end of launchers web design community

Why the Launchers Web Design Community is Ending

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When I created Launchers, the “World’s First Social Network for Web Designers”, I made a mission statement.

I said that if Launchers didn’t turn into what I wanted it to be, I would “destroy it with reckless abandon myself”.

Why would I make such an aggressive commitment?

Well, in the preceding few paragraphs, I talked about what I wanted the Launchers community to be:

“Yes, joining Launchers is 100% free. All I ask is that, if you decide to join us, you add genuine value to what we’re building here.

There’s too much mediocre fluff floating around out there. Spammy Facebook groups, popup-splattered blogs and cringe-worthy YouTube channels that are out to make a quick buck are far too common.

Launchers will be different. It will be a genuine place for aspiring web design entrepreneurs to help each other grow their business and design the life they want.”

After over 2 years of working on Launchers, today is the day I admit that it has failed to do most (if any) of those things.

It’s plagued by spam.

It’s full of mediocre fluff.

It doesn’t add enough genuine value.

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I tried to fix it

Originally, I felt like most of the problems were coming from the platform I was using to build this community, Mighty Networks.

  • The interface was confusing
  • It was too difficult to find the large archive of content that had been posted over the years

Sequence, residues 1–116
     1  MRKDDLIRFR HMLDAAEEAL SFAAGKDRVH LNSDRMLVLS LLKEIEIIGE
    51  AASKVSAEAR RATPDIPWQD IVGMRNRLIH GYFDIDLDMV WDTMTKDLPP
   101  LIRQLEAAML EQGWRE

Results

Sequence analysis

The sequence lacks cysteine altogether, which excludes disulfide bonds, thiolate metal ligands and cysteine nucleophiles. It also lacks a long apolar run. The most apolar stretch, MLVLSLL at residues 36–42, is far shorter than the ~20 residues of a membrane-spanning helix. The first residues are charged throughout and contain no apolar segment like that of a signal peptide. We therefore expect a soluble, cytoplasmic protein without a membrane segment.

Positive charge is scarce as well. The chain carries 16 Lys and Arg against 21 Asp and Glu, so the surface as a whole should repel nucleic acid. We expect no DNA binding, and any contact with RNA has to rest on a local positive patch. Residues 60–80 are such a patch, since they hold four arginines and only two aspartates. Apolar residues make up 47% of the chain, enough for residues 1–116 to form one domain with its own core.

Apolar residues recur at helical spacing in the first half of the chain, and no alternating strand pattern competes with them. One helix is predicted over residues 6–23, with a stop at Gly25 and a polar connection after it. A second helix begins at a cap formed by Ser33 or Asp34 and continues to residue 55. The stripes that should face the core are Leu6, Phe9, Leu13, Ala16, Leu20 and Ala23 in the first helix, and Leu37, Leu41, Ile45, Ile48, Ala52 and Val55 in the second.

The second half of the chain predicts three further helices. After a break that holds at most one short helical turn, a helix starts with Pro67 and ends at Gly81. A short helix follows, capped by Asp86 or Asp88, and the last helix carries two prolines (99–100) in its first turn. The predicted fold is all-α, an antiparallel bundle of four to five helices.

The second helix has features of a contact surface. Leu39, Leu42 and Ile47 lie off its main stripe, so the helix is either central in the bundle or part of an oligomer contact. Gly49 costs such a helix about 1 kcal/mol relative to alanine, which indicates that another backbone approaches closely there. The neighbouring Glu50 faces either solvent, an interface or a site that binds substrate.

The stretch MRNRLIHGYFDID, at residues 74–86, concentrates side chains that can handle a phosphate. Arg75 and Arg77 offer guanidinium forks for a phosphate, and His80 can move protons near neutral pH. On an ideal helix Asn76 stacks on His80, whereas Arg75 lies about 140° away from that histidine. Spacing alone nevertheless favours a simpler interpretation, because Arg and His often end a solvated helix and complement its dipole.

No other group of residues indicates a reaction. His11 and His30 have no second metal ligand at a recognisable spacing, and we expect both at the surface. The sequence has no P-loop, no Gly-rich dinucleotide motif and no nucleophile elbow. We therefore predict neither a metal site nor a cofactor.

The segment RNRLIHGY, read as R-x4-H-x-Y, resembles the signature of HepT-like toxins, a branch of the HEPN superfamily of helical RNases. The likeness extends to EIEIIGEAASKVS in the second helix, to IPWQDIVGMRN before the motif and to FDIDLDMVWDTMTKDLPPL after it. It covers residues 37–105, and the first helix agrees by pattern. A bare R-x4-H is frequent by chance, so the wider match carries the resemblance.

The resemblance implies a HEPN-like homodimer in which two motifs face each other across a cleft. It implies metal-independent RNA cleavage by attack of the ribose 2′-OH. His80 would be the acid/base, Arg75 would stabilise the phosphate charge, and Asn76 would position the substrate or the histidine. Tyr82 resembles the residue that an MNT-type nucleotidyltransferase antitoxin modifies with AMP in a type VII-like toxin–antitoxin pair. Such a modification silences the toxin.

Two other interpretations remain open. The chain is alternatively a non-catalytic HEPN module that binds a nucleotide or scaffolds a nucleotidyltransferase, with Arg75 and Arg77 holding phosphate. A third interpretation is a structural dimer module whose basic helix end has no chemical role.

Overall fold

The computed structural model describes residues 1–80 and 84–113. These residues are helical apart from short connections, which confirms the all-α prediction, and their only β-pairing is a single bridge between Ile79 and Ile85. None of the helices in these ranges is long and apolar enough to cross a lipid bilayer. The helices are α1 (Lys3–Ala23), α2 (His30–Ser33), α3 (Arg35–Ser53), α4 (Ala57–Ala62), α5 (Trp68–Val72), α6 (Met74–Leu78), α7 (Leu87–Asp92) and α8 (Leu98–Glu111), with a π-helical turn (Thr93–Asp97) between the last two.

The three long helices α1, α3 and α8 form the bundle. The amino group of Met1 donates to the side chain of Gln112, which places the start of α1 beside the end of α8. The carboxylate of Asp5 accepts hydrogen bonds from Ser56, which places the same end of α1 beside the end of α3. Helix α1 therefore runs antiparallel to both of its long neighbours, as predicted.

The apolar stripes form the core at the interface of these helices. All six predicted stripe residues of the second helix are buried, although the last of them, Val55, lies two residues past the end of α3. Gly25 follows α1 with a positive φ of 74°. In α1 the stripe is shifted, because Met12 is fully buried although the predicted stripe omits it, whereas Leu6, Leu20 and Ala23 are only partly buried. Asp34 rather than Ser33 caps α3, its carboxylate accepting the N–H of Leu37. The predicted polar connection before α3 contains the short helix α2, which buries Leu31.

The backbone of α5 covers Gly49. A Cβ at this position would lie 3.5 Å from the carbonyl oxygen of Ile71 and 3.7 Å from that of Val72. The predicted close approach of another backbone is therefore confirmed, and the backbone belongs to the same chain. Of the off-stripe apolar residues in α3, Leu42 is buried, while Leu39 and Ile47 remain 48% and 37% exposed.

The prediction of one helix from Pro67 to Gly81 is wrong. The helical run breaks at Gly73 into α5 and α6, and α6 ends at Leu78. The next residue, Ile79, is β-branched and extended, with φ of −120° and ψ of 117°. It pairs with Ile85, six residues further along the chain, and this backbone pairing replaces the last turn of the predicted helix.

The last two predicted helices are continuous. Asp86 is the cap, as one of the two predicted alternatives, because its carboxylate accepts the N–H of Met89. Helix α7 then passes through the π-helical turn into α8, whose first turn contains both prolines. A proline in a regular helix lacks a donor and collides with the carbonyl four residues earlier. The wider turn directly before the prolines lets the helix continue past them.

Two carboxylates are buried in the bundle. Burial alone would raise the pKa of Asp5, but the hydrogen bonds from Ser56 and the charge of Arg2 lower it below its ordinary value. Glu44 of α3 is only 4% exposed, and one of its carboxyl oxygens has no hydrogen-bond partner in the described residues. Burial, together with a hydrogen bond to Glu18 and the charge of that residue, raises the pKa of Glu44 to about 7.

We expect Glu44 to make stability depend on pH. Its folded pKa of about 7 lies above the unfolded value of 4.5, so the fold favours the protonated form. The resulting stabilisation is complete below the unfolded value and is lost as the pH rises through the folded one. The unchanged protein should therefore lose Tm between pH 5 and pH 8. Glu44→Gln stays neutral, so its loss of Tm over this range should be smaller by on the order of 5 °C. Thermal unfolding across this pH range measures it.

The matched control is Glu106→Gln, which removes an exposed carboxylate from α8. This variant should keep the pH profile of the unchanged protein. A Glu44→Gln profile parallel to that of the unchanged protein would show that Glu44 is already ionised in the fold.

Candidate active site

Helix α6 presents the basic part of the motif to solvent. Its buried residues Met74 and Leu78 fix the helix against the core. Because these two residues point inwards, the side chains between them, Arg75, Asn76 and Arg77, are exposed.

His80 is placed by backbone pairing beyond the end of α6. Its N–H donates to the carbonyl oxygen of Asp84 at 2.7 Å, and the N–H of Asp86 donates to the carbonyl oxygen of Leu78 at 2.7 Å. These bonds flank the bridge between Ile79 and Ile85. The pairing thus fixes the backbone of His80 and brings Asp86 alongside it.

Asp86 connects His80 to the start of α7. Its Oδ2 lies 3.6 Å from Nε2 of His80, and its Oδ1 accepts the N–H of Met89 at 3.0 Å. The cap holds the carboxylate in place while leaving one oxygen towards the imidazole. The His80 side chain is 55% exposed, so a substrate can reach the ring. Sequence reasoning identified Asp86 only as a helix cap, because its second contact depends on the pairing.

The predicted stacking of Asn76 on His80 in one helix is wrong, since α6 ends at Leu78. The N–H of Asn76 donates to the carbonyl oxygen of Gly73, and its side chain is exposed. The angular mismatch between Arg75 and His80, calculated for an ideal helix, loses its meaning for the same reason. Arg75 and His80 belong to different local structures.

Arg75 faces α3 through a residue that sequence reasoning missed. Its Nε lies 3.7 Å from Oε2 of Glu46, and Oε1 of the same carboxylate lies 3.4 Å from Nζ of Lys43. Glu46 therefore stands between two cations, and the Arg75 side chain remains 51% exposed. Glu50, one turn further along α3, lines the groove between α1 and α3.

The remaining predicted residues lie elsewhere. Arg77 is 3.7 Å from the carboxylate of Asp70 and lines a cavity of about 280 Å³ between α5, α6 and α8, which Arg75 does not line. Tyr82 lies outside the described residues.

• and it was being inundated with spam

A few days ago, I told the community that I had found a solution to this, and was preparing a migration to a new community platform.

It was going to be a ton of work.

But the response I received encouraged me, and convinced me I was on the right track.

Which is what makes this announcement all the more difficult… 😔

So, at the very least, I feel like I owe you an explanation.

4 Reasons I Decided to Kill the Launchers Community

Here’s why I decided to cancel the Launchers community:

1) People were constantly joining, but not engaging

In 2 years, the Launchers community went from zero to almost 1,000 members.

That in itself is pretty awesome. But any community is only as good as the activity that is found within.

I saw the same process repeat itself over and over.

  1. Person signs up for Launchers
  2. Person comments how excited they are to be a part of Launchers
  3. Person gets bored after a week or two and never comes back

I feel like there are a number of reasons for this. The primary one being the format of the community.

Launchers was built more like a social network than your typical forum. Each member could “follow” other members and topics and receive posts from them in their own “feed”.

While this sounds pretty cool, the biggest issue is that older content disappears very quickly. Just like a Twitter and Facebook feed, the only content that is truly relevant is current content.

This created a burden on myself to constantly produce fresh content. With time that I simply do not have.

2) It became too much about me, and not about the community as a whole

I don’t like social media. I’ve talked about this a lot.

I don’t have Facebook, Instagram or Twitter. Just YouTube and Linkedin. And I try to use those as discreetly as possible.

Which is why I was uncomfortable about where Launchers was going as a community.

It felt like people often looked to me for answers on anything and everything. Rather than the community as a whole.

I don’t want to gain “followers”. I want to make connections. Which is why I love doing the web design coaching sessions so much on the podcast.

3) My priorities have dramatically shifted

My ultimate goal with Launchers was to build a self-sustaining web design community that required very little input on my part.

I could be the spark to light the flame, but that flame would be fuelled by the kindling and wood from other members.

It was clear to me that this wasn’t happening.